Contemporary medical device technologies and therapies are often products of vertically integrated workflows involving benchtop fabrication, preclinical screening, and animal modeling. In this paradigm, the combinatorial complexity of design components leads to consequences with dimensionality, making the rational design of high-performance features (e.g., blood compatibility, tissue integration, and stimuli-responsive properties) inherently difficult. Poor understanding of the underlying structure-function relationships is often achieved, leading to the suboptimal realization of developmental potential.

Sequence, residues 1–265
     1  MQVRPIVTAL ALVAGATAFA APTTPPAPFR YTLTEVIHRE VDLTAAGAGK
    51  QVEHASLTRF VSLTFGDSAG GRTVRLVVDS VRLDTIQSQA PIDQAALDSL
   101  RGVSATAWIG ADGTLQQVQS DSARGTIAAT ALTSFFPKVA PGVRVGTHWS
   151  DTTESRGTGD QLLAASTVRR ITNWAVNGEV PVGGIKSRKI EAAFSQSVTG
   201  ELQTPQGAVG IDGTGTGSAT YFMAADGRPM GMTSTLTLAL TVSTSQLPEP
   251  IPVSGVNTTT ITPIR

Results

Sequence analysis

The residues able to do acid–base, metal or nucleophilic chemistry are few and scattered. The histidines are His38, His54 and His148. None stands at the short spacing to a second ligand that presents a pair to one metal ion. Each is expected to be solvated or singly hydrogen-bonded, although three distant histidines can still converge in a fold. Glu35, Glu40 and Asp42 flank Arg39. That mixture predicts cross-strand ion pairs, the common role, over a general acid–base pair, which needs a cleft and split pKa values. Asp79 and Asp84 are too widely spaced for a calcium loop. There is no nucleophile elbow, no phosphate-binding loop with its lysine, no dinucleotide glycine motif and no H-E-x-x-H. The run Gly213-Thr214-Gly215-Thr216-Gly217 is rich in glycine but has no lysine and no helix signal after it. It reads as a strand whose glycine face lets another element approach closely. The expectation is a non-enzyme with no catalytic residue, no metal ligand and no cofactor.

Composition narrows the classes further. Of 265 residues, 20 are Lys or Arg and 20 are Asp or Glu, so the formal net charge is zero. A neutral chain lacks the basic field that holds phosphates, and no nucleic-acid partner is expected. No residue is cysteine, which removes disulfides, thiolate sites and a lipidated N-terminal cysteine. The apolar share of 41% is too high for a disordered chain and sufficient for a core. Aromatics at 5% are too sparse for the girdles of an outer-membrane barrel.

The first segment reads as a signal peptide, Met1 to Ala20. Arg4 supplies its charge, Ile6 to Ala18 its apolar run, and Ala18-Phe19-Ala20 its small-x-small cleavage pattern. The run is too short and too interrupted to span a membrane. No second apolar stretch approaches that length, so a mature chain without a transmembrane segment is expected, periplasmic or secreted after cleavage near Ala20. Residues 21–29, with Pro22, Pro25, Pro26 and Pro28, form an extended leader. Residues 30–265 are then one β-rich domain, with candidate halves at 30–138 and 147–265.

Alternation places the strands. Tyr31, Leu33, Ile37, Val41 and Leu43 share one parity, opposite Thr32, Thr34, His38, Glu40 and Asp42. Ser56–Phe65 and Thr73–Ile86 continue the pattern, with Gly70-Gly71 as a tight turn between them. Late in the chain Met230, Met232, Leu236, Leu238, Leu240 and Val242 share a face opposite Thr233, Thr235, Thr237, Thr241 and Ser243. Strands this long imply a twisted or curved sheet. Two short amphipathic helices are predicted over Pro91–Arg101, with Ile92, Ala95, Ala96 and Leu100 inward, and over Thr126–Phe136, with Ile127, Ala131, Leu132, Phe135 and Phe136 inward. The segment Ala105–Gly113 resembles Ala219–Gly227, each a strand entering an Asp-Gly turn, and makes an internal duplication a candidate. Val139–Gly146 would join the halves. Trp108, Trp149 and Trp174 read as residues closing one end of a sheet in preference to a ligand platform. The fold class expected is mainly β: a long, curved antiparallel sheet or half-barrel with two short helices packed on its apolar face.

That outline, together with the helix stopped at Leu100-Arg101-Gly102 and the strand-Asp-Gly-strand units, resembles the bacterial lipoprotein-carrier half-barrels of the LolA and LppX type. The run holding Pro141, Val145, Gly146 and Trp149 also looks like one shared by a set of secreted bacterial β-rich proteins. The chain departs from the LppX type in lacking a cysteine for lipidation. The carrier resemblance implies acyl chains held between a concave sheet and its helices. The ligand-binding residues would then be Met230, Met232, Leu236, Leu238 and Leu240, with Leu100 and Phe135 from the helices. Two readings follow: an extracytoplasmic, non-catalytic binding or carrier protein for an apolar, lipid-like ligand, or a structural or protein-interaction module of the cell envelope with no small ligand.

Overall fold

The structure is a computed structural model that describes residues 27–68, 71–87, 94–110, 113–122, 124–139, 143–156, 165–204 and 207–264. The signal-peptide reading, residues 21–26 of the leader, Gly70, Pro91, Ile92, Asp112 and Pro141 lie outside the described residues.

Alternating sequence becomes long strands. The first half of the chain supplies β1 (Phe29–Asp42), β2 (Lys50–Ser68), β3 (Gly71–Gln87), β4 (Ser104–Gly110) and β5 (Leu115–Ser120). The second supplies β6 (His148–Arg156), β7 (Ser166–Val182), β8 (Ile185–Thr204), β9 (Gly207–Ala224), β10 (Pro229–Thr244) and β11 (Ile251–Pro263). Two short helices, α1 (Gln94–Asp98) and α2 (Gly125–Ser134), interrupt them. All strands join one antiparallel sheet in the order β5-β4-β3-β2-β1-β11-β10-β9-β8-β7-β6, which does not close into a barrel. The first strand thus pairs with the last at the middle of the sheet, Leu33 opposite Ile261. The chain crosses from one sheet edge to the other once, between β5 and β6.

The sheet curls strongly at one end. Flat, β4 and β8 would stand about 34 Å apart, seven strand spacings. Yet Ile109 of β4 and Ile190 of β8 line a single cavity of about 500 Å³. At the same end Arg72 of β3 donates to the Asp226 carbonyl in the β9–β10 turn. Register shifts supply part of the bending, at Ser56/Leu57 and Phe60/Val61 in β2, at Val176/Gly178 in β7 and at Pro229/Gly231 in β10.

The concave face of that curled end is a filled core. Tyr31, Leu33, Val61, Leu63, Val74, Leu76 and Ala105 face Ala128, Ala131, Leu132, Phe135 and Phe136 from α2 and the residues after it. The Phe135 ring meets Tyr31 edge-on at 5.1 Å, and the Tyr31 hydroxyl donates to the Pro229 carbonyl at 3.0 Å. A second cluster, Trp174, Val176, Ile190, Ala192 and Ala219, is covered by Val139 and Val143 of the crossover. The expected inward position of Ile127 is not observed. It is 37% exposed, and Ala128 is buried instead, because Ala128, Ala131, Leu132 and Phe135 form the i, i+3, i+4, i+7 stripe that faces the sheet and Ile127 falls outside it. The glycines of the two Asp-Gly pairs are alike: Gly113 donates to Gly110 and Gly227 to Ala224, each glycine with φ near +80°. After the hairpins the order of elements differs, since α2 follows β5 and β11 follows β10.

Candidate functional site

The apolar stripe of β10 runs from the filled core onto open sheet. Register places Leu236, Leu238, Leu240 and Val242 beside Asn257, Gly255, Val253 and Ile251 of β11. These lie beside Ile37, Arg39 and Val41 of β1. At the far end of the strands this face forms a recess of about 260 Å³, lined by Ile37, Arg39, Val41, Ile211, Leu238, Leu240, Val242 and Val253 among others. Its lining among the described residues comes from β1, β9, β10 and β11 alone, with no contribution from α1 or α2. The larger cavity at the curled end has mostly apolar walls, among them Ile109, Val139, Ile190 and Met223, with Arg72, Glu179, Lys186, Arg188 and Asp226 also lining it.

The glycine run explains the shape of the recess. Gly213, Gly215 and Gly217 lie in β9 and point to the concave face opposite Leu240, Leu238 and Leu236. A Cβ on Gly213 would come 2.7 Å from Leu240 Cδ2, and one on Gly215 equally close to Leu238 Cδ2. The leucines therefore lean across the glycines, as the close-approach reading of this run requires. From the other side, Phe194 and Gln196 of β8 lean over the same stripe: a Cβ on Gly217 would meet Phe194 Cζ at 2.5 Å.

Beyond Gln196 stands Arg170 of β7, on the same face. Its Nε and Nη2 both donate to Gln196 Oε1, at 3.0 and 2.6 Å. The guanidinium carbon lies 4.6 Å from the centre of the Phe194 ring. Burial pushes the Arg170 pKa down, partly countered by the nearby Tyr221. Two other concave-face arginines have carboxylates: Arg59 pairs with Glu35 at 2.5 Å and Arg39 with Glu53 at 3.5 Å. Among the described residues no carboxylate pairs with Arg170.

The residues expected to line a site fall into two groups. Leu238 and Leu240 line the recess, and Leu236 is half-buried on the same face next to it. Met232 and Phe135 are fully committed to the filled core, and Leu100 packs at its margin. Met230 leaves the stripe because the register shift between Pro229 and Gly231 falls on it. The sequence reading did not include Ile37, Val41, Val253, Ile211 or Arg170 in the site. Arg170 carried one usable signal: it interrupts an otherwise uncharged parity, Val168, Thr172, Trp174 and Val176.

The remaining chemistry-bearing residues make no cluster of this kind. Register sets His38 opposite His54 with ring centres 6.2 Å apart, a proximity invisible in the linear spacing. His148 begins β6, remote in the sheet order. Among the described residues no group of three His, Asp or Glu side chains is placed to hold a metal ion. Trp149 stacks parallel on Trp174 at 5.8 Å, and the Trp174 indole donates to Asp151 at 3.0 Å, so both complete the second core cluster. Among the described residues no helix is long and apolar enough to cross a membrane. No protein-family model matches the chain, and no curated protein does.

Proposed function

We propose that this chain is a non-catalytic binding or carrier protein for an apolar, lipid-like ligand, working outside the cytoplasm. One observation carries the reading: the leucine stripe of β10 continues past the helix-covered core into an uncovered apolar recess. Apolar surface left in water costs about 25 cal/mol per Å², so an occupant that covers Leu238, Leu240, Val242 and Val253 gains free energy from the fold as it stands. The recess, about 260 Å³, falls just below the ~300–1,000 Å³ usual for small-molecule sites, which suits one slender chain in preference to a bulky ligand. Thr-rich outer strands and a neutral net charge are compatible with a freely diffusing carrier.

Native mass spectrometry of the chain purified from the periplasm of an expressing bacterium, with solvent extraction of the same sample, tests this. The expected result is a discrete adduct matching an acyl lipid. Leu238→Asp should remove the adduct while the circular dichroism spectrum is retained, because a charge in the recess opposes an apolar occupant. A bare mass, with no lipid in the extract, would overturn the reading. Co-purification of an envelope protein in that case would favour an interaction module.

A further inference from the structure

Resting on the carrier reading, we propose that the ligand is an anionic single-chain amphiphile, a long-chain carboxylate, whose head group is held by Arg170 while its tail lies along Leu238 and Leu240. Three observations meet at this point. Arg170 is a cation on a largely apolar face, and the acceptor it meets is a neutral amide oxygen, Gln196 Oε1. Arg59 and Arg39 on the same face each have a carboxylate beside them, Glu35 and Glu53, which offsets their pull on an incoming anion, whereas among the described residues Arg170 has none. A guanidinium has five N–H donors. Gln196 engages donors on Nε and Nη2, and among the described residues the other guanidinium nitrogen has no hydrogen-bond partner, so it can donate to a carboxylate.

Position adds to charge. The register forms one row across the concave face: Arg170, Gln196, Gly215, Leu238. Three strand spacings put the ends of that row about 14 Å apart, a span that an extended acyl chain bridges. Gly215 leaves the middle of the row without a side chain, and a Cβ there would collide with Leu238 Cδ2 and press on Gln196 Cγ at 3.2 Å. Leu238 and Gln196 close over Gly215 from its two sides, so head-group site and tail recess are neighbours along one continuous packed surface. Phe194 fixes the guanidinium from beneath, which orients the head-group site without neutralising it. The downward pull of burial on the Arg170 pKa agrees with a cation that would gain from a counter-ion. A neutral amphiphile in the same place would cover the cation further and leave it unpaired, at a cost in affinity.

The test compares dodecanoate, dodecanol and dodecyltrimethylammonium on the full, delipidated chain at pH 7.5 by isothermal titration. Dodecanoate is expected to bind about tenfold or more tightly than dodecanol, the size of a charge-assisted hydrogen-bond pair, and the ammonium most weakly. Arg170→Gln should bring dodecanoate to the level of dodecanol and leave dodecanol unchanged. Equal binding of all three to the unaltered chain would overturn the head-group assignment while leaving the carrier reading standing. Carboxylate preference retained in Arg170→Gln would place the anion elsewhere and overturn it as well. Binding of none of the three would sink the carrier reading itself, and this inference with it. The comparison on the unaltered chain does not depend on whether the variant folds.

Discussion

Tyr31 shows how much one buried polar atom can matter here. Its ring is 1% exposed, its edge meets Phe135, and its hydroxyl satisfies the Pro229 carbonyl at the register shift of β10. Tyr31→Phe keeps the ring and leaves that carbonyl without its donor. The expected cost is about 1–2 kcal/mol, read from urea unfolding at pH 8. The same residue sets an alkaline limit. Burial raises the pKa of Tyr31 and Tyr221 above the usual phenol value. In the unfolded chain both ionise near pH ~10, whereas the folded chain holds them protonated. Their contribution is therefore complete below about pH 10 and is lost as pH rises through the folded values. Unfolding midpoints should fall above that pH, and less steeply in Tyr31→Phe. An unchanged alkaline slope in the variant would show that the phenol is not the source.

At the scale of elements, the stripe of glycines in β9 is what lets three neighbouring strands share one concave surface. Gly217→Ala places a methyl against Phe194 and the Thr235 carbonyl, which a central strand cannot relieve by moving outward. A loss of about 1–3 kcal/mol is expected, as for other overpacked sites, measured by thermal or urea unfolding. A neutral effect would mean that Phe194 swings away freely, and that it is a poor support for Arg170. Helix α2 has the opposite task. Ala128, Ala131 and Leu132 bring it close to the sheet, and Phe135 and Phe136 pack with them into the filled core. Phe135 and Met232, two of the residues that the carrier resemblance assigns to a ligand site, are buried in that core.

Bio-inspired approaches to materials design often consider an individual component of biological architecture without further weighing of individual contributions of these factors and their interactions in the highly dimensional biological context. Applying expertise in polymer chemistry, surface modification, and combinatorial design, I investigate strategies towards efficient and informed surveys of complex design spaces for integration into technologies for improved human, veterinary, and environmental health.